journal-metabolism-vitamin-D

Figure 1: The dependency of vitamin D status on body mass index, gender and age (from Lagunova Z., Porojnicu A., Lindberg F., Hexeberg S., Moan J. Anticancer Res 2009, 29(9): 3713-20).

Why does this correlation exist? It can be easily explained. Cholecalciferol and ergocalciferol are fat soluble substances and after oral intake or after exposure to solar ultraviolet (UV) radiation they are diffused in a fat tissue. The study by Worthman J. and his colleagues (23) illustrates the difference in serum vitamin D concentrations after UV irradiation and oral intake in obese patients and in normal weight controls (Figure 2).

journal-metabolism-Mean-serum

Figure 2: Mean serum vitamin D3 (cholecalciferol) concentrations before and 24 h after whole-body irradiation with ultraviolet B radiation (from Wortsman J Et al. Am J Clin Nutr 2000; 72:690-693). Mean serum vitamin D3 (cholecalciferol) concentrations before () and 24 h after () whole-body irradiation with ultraviolet B radiation are significantly higher in non-obese group.

SHPT is a compensation of chronic hypocalcemia and chronic vitamin D deficiency. This pathophysiological mechanism plays an important role in obesity, especially in morbidly obese patients seeking for bariatric surgery. Up to 60- 90% of patients with BMI ≥ 40 kg/m2 have vitamin D deficiency [23,24]. A significant inverse correlation was found between BMI and serum parathyroid hormone (PTH) level. The frequency of SHPT in morbidly obese patients is 25% - 50% [25-29]. So, we must realize that before bariatric surgery, a majority of patients have vitamin D depletion and SHPT.

Until recently, obesity was believed to be protective against osteoporotic fractures. Nevertheless, if we have a look at modifiable osteoporosis risk factors we will see that the most significant risk factors are typical for obesity. Obese patients have vitamin D deficiency, low physical activity and sex steroid deficiency.

However, traumatology departments report a surprisingly high proportion of obese postmenopausal women attending the clinic with fractures. Subsequently, multiple studies have demonstrated the importance of obesity in the epidemiology of fractures. Obese women are at increased risk of fracture in ankle, leg, humerus, and vertebral column and at lower risk of wrist, hip and pelvis fracture when compared to non-obese women [30].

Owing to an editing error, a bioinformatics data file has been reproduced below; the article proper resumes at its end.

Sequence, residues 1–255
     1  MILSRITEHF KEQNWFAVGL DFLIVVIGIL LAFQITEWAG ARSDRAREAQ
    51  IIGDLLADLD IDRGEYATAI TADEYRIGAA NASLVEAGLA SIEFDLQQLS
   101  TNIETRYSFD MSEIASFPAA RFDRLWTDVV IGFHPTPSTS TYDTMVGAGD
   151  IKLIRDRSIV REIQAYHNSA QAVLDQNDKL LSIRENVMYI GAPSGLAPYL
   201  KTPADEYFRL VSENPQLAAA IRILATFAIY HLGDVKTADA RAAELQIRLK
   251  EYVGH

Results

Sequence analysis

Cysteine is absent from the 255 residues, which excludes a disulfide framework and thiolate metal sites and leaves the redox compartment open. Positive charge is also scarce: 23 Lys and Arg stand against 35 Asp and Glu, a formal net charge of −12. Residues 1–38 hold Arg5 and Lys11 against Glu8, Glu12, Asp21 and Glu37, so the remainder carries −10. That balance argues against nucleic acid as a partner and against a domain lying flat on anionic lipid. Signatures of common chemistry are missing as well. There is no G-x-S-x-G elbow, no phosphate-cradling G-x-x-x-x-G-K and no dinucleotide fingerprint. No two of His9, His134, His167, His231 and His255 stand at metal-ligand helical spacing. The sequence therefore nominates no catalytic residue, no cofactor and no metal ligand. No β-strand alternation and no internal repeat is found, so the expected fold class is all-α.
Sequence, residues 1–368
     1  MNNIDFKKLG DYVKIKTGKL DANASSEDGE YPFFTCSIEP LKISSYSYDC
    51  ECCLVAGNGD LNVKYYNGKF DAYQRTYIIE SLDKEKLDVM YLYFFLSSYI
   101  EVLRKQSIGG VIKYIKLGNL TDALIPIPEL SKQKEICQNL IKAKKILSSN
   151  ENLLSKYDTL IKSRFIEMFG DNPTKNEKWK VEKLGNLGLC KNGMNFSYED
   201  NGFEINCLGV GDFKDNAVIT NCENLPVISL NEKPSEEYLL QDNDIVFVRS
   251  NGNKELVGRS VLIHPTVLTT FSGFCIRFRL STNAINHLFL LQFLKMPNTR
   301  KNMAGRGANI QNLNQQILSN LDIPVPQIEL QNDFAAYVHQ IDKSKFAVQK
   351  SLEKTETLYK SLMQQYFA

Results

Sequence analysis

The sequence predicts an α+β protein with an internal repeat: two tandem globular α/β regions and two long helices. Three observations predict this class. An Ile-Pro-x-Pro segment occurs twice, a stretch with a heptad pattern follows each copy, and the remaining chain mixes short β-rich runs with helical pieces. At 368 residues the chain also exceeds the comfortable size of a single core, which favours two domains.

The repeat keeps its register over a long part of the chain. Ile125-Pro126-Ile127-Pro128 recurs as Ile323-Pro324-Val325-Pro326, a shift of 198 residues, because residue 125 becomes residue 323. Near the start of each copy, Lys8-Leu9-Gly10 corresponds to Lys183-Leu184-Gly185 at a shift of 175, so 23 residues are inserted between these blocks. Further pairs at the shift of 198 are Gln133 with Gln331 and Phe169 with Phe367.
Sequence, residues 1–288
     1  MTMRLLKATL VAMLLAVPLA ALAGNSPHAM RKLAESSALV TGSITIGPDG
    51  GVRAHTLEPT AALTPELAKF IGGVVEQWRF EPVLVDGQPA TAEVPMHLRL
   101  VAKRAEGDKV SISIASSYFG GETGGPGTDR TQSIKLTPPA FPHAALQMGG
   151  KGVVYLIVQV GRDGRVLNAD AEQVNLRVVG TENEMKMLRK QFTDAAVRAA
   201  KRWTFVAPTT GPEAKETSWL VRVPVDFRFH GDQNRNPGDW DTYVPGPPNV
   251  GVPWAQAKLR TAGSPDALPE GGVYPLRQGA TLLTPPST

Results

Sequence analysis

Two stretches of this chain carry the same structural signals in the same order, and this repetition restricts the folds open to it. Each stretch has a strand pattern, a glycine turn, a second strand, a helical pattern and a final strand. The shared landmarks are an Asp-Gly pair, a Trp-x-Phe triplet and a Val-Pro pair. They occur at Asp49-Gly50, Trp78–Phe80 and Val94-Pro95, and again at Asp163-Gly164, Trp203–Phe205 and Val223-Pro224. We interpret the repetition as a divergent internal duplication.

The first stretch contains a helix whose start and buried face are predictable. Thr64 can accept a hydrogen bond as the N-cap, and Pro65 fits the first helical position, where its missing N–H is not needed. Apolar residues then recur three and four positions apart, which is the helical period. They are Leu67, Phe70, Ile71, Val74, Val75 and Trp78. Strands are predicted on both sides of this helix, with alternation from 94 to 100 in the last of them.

In men, it has been reported that multiple rib fractures are associated with obesity [30]. Furthermore, falls appear to play an important role in the pathogenesis of fractures in obese subjects. Regarding hip fracture and major fractures, the FRAX algorithm has proven to be a useful predictor in obese individuals. So, obesity is not considered to be protective against fractures anymore.

Nutrient deficiency after bariatric surgery

The next point is nutrient deficiency after bariatric surgery. Vitamin D is mostly absorbed in duodenum and small intestine after emulsification with bile salts. Approximately 80% of calcium are absorbed in duodenum and proximal small bowel (vitamin D dependent active transport), about 20% are absorbed in the distal small intestine by passive diffusion.

Sleeve gastrectomy (SG) (Figure 3) and Roux-en-Y gastric bypass (RYGB) (Figure 4) are the most frequently performed bariatric procedures in the past few years [31,32]. SG is a restrictive operation and it does not change physiological food transition. Duodenum - the main location of calcium and vitamin D absorption is not bypassed after gastric sleeve.

journal-metabolism-Sleeve-gastrectomy

Figure 3: Sleeve gastrectomy.

journal-metabolism-gastric-bypass

Figure 4: Roux-en-Y gastric bypass.

Because of RYGB duodenum is bypassed and nutritional deficiencies after RYGB are well known and were reported by multiple retrospective studies [32,33]. The most frequent specific deficiencies after RYGBP are vitamin В12 and ferrum (10-50%), folic acid (40-45%), calcium and vitamin D (60-80%) [33]. It is obviously that calcium and vitamin D depletion have the first place in this list.

Hypothetically, we may not expect significant nutritional deficiencies after restrictive operations. However, clinical practice demonstrates us that nutrient deficiencies after restrictive surgery do exist [34-38]. Most of the studies that assessed SG versus RYGB found no significant difference in nutritional consequences.

RYGB and SG have comparable effects in terms of energy and food restriction and subsequent risk of micronutrient and protein deficiencies in the first year post bariatric surgery [34]. Such results advocate for a cautious monitoring of protein intake after RYGB and SG and a systematic multivitamin and mineral supplementation in the first year after SG.

During a mean follow up period of 4 years post RYGB or SG, patients were identified with several micronutrient deficiencies, including vitamin D, folate, and vitamin B12 [36]. SG may have a more favorable effect on the metabolism of vitamin B12 compared with RYGB, being associated with less malabsorption.